Tonight's Best TV
A Daily Guide to Notable Shows
The perennially undervalued animated sitcom returns with an episode that finds the younger members of the Belcher clan exchanging the stench of fried meat for the smell of greasepaint. When the high school decides to stage a musical version of Working Girl (sample lyric: ''The only thing bigger than my hair/Is my heart!''), Louise persuades Gene to put on a ''guerrilla-slash-protest'' production of his self-penned Die Hard: The Musical (sample lyric: ''Nakatomi-Nakatomi- Nakatomi-Nakatomi-Nakatomi...''). As usual, the jokes come fast and land hard, and the musical numbers are deliberately, deliriously awful. Then again, it could be argued that the climactic sequence, in which the two shows are combined, is actually an improvement over many tunes from some of the big-screen-to- Broadway transplants of the past few years. B+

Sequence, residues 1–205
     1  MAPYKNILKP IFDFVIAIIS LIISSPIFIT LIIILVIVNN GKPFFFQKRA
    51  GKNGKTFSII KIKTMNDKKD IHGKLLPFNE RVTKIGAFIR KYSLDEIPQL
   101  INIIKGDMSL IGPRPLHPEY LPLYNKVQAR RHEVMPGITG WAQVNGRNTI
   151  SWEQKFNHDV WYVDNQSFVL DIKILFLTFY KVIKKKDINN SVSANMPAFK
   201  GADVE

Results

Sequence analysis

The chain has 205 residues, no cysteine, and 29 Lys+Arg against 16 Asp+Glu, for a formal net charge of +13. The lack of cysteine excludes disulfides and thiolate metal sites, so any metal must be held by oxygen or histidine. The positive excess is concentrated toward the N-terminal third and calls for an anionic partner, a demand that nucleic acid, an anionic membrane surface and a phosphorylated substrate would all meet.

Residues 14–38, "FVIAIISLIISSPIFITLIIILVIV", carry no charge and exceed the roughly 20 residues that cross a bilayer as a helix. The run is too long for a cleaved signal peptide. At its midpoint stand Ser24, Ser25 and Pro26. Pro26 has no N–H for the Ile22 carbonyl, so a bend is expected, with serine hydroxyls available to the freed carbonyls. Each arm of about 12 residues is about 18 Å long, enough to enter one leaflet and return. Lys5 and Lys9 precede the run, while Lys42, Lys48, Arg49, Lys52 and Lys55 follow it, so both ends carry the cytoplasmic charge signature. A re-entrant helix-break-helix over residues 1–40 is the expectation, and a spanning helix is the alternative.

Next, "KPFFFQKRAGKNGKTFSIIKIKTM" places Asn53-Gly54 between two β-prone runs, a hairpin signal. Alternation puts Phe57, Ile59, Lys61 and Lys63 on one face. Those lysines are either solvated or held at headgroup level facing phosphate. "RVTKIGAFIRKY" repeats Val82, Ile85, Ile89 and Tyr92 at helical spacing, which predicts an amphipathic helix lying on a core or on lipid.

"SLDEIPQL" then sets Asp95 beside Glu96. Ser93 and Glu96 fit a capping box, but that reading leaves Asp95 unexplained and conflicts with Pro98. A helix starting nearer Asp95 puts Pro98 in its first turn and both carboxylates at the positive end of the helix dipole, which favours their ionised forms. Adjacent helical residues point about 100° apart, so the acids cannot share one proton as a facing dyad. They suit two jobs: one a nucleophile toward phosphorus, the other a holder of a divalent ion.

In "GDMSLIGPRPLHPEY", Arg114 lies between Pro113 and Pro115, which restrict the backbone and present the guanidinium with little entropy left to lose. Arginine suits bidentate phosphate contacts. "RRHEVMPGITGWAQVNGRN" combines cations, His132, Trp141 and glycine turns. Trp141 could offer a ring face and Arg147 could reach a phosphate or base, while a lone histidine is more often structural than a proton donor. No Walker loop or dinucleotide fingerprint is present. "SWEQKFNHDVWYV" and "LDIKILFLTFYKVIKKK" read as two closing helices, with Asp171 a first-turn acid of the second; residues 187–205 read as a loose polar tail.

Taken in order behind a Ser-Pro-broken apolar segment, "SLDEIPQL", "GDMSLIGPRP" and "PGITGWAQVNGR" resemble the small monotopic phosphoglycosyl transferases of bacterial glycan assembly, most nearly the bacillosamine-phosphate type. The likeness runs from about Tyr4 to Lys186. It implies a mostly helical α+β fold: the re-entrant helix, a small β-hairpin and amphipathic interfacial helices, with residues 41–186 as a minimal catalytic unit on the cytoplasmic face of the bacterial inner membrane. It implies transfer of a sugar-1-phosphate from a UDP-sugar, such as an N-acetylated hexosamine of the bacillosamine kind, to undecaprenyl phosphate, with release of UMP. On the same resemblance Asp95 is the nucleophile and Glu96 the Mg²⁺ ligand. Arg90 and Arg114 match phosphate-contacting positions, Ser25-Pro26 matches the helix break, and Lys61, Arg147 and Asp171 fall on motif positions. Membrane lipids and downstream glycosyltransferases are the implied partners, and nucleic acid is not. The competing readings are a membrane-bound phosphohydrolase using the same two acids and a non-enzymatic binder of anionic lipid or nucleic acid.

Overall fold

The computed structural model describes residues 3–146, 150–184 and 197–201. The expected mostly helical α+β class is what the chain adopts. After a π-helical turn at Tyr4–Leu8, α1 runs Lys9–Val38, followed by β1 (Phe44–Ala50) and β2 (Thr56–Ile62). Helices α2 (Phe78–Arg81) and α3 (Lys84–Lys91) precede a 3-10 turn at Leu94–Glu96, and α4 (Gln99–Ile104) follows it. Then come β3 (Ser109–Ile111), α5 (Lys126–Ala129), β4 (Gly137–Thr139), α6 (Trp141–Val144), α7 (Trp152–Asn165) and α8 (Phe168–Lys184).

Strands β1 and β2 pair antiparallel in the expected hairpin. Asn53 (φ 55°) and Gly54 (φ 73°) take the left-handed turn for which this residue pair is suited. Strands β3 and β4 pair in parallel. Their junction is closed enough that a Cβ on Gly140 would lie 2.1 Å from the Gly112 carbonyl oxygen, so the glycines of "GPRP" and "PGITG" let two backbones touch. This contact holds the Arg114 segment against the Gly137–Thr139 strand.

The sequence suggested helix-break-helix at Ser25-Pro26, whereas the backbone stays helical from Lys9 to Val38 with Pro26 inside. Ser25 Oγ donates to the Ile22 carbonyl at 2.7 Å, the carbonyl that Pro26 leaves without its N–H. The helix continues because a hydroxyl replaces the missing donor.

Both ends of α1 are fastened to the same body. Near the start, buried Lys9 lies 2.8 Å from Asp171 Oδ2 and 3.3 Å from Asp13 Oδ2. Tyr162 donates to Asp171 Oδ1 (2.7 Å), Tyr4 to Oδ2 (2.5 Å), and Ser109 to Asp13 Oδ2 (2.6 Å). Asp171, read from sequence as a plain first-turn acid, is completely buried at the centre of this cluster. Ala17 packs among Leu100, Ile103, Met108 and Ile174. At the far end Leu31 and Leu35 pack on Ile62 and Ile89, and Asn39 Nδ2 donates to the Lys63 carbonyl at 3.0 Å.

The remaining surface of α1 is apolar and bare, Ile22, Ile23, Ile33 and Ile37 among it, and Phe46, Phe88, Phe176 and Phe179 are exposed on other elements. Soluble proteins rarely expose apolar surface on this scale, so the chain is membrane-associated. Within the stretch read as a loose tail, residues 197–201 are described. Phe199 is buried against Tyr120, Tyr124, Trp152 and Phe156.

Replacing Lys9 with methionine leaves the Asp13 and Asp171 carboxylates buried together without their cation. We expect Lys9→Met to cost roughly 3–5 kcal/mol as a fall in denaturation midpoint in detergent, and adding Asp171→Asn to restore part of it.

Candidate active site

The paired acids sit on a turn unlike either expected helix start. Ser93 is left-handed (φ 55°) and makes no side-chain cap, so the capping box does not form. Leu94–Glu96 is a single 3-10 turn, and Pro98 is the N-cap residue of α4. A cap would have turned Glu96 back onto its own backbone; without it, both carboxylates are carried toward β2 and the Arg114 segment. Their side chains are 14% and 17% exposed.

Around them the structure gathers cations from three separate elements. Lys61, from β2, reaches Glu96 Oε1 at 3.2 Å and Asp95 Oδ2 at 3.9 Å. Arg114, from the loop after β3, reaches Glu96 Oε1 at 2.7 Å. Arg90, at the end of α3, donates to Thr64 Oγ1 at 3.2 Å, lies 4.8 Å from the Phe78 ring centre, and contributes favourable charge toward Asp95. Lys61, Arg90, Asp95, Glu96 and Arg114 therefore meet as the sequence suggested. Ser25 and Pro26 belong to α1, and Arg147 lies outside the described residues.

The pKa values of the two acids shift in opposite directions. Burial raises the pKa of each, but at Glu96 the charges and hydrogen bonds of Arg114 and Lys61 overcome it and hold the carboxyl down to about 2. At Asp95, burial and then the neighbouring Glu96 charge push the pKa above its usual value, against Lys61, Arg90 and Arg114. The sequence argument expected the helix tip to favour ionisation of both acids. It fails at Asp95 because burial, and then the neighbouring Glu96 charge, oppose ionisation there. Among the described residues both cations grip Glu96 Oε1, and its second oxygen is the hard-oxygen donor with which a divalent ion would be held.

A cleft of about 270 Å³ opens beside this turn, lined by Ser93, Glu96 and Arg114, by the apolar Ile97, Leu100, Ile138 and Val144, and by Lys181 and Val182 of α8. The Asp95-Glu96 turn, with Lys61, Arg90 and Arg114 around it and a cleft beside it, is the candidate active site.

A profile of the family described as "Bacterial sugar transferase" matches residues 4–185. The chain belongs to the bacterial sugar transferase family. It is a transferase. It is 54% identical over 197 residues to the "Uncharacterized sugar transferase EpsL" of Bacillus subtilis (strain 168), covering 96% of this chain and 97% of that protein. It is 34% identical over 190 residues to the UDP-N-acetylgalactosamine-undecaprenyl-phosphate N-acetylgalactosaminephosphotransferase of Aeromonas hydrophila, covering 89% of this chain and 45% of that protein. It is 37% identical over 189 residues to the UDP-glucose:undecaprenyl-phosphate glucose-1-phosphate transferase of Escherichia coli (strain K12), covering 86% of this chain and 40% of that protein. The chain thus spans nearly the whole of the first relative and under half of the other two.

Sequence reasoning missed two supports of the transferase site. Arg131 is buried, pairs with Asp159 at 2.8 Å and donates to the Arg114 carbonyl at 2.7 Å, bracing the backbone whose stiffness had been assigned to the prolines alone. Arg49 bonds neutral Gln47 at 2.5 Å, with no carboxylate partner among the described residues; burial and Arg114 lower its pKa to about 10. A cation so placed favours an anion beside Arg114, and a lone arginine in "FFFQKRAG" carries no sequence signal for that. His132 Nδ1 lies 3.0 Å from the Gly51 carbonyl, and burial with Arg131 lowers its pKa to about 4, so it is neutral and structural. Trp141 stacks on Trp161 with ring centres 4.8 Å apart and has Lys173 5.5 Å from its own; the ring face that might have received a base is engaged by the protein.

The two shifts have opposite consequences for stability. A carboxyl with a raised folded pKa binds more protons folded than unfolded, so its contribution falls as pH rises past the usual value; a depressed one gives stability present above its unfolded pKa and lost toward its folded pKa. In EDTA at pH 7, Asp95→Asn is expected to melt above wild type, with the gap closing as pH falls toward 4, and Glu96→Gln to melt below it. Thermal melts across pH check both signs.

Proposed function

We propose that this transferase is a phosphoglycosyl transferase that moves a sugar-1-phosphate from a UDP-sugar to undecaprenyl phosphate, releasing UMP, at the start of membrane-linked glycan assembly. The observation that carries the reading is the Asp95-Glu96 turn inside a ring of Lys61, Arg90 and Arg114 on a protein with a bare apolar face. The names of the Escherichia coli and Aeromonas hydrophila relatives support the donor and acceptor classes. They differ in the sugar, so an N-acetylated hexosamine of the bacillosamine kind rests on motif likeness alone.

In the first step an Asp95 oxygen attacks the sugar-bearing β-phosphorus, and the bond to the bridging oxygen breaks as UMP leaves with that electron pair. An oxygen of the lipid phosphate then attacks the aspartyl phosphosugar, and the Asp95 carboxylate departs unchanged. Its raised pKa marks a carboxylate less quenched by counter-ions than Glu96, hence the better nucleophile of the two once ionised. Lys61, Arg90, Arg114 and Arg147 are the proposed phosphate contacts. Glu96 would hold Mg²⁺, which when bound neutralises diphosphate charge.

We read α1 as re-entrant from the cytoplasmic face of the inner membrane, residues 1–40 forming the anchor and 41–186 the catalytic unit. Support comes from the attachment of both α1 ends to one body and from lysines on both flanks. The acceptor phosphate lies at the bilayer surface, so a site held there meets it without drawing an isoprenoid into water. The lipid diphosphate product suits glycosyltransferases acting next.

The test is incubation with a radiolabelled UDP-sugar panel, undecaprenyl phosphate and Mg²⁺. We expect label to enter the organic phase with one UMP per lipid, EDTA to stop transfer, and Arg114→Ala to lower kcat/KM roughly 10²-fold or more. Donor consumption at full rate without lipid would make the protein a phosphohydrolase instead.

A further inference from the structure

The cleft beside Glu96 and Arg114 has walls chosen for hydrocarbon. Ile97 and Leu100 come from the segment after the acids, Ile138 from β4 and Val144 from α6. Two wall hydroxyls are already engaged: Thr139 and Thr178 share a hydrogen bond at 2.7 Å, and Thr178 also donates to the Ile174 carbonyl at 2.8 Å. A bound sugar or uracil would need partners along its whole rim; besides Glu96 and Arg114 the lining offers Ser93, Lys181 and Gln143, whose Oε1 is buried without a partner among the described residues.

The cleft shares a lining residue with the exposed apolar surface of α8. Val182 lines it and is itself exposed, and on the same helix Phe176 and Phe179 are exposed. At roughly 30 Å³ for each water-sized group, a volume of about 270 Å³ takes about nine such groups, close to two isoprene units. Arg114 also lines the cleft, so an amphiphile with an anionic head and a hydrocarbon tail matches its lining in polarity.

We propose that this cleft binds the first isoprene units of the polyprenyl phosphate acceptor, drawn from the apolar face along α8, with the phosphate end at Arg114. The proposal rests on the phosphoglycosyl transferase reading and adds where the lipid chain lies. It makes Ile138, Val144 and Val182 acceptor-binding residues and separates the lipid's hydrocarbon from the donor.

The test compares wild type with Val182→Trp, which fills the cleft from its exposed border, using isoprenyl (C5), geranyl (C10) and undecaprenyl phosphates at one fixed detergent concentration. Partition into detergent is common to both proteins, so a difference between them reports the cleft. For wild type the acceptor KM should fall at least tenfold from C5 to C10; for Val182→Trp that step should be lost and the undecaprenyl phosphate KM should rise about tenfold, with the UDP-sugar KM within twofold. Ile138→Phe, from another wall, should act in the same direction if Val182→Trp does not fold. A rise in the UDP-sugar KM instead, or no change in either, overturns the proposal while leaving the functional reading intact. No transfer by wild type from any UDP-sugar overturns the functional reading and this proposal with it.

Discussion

Former SNL writer John Mulaney's sitcom is neither the new Seinfeld NBC hoped it would be when they greenlit the original pilot nor the disastrous nonstarter a lot of people assumed it was after NBC passed. Even in the rough world of comedy debuts, the premiere is weak, mostly because it has to unpack its too-busy premise: Mulaney plays a struggling stand-up with a pair of roommates (Seaton Smith and Nasim Pedrad) and a new job scribbling jokes for game-show host Lou Cannon (Martin Short). But by its third episode, the show is confident enough to make you think it might, as Seinfeld did, survive its rocky start. C+
Carrie makes a crucial decision, and Saul tries to adjust to life in the private sector. If you're an occasional viewer wondering what's up with Brody, I have some bad news...
The team looks into a robbery and fatal shooting at a medical-marijuana store. Well, that's not cool, man.
Eph and Fet prepare for an all-out assault on the Master. Remember to stretch!